Throne Speech: Big Investments for Youth, Women and Racialized Groups, Not Much for Older Canadians
Governor General Julie Payette delivers the throne speech in the Senate chamber. Photo: The Canadian Press/Adrian Wyld
“This is not the time for austerity,” said Governor General Julie Payette, reading from today’s speech from the throne, Prime Minister Justin Trudeau’s overview of the multi-billion dollar spending commitments the Liberal minority government is planning to make to help Canada recover from the economic disruption of COVID-19.
“To overcome a pandemic requires the work and resolve of every order of government, every community, and every one of us,” continued Payette. “We don’t decide when hardship comes, but here in Canada, we have decided how we wanted to address it.”
In order to address COVID19 — which the speech called “an invisible enemy that respects no borders, thrives anywhere, hits anyone” — the government will unveil a massive new spending program that includes a number of big-ticket programs, including:
- Job creation programs that will create millions of employment opportunities, with women, racialized Canadians and young people being the top priority.
- The creation of a federally-funded daycare program along with subsidized before- and after-school programs.
- The extension of the wage subsidy program until next summer.
- Support for industries that have been hard hit by the pandemic, including travel and tourism, hospitality, and cultural industries.
- Support for the manufacturing, natural resource and energy sectors as they work toward reducing carbon emissions.
- The creation of a new Canadian Disability Benefit.
- The acceleration of the National Pharmacare Plan.
- Increased funding for Indigenous groups and Black communities who are affected by systemic racism.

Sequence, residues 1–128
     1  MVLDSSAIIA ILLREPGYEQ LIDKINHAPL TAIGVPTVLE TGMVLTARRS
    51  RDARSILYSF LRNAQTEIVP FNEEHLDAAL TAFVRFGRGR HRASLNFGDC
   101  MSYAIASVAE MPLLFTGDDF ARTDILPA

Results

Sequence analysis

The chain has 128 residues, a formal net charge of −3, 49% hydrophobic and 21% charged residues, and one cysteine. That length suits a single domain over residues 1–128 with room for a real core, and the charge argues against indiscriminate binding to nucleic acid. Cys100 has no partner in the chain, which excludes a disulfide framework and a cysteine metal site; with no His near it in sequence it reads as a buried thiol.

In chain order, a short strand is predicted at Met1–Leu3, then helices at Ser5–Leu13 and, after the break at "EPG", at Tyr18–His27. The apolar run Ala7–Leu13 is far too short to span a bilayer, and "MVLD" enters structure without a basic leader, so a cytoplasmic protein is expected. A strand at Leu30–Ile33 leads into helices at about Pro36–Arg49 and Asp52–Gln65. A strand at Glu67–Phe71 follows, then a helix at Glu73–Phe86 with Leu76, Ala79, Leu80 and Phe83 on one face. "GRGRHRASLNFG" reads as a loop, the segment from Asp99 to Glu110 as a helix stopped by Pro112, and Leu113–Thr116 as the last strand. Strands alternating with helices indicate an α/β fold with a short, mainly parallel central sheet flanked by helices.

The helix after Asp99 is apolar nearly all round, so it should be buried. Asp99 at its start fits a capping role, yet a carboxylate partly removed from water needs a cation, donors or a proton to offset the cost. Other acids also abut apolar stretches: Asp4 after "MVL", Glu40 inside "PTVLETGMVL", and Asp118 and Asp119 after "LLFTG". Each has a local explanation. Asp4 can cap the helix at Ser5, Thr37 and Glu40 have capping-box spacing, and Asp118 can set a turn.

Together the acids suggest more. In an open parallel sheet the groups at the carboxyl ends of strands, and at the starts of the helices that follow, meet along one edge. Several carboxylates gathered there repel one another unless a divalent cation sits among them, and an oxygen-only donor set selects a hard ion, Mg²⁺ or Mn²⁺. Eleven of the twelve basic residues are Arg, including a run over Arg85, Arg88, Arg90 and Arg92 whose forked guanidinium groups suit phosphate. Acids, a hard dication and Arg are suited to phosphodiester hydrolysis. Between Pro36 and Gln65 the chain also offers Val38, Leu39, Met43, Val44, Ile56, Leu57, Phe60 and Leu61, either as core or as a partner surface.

What About Seniors?
While these programs will provide much needed relief for individuals that have been hit hard by the economic disruption of the pandemic, one group that was largely overlooked in today’s speech was older Canadians. This despite the fact that the bulk of COVID-19’s deaths occurred among seniors, especially those living in long-term care.
But besides doubling down on two senior policies that are already in place (increasing OAS for those over 75 and increasing the CPP survivor’s benefit), the government recovery plans offered little in the way of concrete help for older Canadians.
“The impact of COVID-19 on our older population has been immeasurable,” said CARP’s Chief Policy Officer Bill VanGorder. This was especially notable in the long-term care sector that became completely overwhelmed by hundreds of outbreaks and thousands of deaths.
The speech, however, promised little action other than the government would “work with provinces and territories to set new, national standards for long-term care so that seniors get the best support possible.” The government already announced this move last spring when the pandemic was raging through elder care homes.
And, in a veiled reference to supporting home care, the government promised to “take additional action to help people stay in their homes longer.” Again, another mention of an important issue but very little evidence of how they will do this or how much money will be involved.
While VanGorder was pleased the speech mentioned more help for personal support workers, the promise to establish national standards for long-term care and a commitment to help people age safely at home, he was frustrated by the lack of clarity on how these policies would be delivered.
“The details around all issues were frustratingly vague,” he said. And, he added that, while the programs were useful, many were just a “repeat of the message we’ve been receiving for months.”
The speech will be debated in Parliament and a vote will take place to see whether the House supports the direction of the government’s recovery plan.
Bloc leader Yves-François Blanchet has already said he will support the speech, which means an election will not be triggered.
NDP leader Jagmeet Singh hedged on whether or not his party would support the throne speech but said that unless paid sick leave was included in the government’s agenda, his party would not. “What we need are not nice words but concrete actions that will save people’s lives,” he said, adding that his “goal is not to force an election.”
Conservative opposition served notice that they would not support the speech unless it was amended to include support for the oil producing provinces.
“We are not happy with the speech,” said MP Candice Bergen, who was speaking on behalf of leader Erin O’Toole who has been sidelined with COVID-19. “We still do not have a real plan,” she said, describing the speech as “full of Liberal buzzwords and grand gestures with no follow-up plan.”